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The most obvious comment is your system should not allow a user to change the settings unless they have the requisite permission. They may be able to find out how but the system permissions should recognise they do not have the necessary authority and prevent them. Are you sure an ordinary user can change their settings? If they can, then the system would seem to be flawed.
It may be the system does prevent what you suggest but a client is insisting that notwithstanding they do not want end users to see the instructions, that is a different situation. Could that help not be located in a different folder to which your developers control access by a password?
I'm technically just rephrasing the original question, but was wondering specifically if there is any way to password protect specific topics with a project?
Our software doesn't allow users to alter settings if they don't have the proper permissions to see and alter them...but if they find out where and how such settings exist, they may find a way of getting such permission by using another user's account.
I think the main thing we're wanting is to ensure that, even in a situation where a user obtains access to these settings, they wouldn't know how to manipulate them.
If you are using WebHelp, you could have your web admins configure specific folders so that only those with proper authority may see them. You would then ensure those sensitive topics were moved into those folders. There are many different approaches you might take with the help in this case. I just thought I'd toss this out for you to ponder.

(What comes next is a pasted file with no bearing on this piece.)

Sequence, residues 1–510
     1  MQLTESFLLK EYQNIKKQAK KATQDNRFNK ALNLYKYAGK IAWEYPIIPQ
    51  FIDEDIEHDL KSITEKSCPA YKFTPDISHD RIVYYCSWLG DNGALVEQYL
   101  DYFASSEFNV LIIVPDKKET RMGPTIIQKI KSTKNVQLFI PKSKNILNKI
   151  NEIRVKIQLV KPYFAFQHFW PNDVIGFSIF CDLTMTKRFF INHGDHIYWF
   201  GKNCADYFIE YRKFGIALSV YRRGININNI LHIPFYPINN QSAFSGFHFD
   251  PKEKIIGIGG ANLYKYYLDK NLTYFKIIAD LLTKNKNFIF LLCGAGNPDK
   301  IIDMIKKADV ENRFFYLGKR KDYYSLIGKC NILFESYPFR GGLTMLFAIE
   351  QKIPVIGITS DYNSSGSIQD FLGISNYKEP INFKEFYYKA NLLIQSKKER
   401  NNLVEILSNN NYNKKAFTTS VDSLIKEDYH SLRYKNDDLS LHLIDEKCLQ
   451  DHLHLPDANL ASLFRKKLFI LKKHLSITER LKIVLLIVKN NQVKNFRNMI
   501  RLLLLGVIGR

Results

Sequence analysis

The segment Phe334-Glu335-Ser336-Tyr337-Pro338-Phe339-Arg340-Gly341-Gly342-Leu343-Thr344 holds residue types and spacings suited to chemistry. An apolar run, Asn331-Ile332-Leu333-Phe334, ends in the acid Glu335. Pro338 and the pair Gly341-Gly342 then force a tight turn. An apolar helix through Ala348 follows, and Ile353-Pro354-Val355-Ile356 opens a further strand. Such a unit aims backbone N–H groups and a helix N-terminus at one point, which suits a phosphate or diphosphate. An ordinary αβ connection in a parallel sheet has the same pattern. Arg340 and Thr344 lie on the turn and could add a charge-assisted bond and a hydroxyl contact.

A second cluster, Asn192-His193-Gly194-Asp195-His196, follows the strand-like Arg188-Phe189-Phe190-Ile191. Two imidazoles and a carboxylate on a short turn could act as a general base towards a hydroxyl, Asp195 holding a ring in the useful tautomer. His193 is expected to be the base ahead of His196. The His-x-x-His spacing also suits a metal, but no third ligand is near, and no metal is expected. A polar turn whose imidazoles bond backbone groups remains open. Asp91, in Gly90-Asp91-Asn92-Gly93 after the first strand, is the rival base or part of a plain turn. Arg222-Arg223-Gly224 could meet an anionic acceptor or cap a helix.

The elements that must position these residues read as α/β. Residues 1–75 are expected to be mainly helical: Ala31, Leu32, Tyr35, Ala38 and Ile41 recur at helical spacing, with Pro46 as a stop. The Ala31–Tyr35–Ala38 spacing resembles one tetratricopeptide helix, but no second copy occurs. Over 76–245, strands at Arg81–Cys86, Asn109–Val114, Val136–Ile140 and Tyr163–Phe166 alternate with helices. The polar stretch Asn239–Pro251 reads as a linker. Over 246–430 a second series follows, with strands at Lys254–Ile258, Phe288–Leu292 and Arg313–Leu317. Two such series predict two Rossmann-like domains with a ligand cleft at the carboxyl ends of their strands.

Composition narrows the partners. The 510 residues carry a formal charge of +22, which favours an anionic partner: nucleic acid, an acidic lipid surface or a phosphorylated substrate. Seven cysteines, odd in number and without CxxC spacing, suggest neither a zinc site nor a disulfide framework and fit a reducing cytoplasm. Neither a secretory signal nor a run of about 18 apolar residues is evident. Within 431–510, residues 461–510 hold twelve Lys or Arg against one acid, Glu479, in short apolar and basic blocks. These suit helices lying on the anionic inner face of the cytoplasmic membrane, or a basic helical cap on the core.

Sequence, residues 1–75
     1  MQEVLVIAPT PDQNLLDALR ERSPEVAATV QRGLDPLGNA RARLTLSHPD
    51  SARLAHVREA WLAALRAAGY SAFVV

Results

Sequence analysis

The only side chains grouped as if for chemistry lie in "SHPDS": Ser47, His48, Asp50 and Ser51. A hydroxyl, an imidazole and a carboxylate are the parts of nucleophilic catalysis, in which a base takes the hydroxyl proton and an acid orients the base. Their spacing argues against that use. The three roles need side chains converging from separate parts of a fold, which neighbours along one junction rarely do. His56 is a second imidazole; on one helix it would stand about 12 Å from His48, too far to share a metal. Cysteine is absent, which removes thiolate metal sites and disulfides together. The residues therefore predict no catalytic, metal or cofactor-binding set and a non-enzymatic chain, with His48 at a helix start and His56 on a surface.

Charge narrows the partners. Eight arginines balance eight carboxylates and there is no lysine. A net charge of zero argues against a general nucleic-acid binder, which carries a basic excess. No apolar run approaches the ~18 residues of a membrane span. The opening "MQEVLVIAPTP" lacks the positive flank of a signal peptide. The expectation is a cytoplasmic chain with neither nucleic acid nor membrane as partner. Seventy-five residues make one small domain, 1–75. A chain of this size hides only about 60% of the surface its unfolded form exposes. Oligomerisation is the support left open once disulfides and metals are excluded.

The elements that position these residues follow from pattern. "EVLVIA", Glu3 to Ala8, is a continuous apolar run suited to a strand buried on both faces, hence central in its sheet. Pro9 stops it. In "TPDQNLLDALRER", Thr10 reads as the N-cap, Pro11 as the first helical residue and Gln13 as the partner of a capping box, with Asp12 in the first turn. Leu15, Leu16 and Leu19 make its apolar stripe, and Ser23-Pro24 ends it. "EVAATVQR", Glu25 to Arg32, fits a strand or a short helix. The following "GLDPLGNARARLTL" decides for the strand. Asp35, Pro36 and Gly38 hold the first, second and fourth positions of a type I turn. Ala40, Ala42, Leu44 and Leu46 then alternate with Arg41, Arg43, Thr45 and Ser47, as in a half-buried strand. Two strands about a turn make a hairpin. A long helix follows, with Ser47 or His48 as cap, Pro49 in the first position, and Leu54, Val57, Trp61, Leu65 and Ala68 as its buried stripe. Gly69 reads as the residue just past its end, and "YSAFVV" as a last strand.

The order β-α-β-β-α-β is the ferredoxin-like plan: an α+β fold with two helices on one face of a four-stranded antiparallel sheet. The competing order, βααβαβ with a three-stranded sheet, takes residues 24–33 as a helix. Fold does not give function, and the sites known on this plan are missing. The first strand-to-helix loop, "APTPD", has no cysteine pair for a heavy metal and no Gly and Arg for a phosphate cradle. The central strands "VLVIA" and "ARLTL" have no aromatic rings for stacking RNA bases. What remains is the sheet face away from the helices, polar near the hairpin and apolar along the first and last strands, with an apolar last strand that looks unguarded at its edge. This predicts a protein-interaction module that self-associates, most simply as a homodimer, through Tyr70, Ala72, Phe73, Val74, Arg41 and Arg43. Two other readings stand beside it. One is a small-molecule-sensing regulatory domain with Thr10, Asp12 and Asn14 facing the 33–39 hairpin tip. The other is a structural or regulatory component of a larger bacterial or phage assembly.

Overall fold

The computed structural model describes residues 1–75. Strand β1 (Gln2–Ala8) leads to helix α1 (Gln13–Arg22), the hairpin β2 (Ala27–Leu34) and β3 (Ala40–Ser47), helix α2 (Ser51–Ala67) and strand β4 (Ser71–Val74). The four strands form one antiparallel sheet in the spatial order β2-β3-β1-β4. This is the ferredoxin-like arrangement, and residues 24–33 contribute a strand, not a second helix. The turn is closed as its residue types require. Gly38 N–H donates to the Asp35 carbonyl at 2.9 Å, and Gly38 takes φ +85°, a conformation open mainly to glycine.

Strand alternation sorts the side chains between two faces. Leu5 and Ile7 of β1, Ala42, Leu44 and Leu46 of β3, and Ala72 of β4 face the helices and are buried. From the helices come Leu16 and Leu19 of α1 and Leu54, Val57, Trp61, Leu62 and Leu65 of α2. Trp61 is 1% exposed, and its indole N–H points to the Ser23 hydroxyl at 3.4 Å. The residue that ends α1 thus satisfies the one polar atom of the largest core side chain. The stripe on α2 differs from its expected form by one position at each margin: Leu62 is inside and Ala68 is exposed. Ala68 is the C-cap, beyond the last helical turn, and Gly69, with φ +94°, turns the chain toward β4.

If you are using compiled CHM files, you could simply create a merged setup where only if the CHM containing the sensitive information is available, the user sees it. Then distribute the sensitive CHM to only those that need it.
Tech Writer is using CHMs as per the first post.
If the system allows access in any way other than the use of passwords, then the only way in is knowing those passwords. If the SysAdmin is going to allow anyone to learn those, then the SysAdmin deserves the resulting mess they have to sort out.
In the absence of changing to WebHelp which would involve your developers changing the calls to the help at least, then putting your CHM into a folder controlled by permissions seems the only option except for one thing. The concern here is a user who finds out how to crack permissions! :-)
Multi-tasking is for women!
LOL, not according to my wife! Her definition of multitasking is:
Doing several things at once. NONE of them well at all.
She hates it with a deep and simmering purple passion typically reserved for the ilk of the Corporate Nazgul.
Originally posted by: Captiv8r
Thanks for the link!
I'm not sure what support there might be in my office for moving to a different Help format, but increased security is probably a good selling point for a different format like WebHelp.